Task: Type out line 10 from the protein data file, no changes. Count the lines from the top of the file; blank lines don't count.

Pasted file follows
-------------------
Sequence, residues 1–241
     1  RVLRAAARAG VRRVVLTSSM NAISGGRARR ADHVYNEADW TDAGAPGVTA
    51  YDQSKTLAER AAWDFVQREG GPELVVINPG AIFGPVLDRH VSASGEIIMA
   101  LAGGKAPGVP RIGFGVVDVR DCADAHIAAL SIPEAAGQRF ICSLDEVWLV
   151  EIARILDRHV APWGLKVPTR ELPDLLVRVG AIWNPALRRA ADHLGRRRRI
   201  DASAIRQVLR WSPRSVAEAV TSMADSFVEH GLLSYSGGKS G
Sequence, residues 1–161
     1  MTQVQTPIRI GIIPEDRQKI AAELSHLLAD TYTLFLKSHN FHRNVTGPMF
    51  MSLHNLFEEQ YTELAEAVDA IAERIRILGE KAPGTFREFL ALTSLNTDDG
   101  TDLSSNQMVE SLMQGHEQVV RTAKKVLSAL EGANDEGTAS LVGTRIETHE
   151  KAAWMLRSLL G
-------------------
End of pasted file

   101  TDLSSNQMVE SLMQGHEQVV RTAKKVLSAL EGANDEGTAS LVGTRIETHE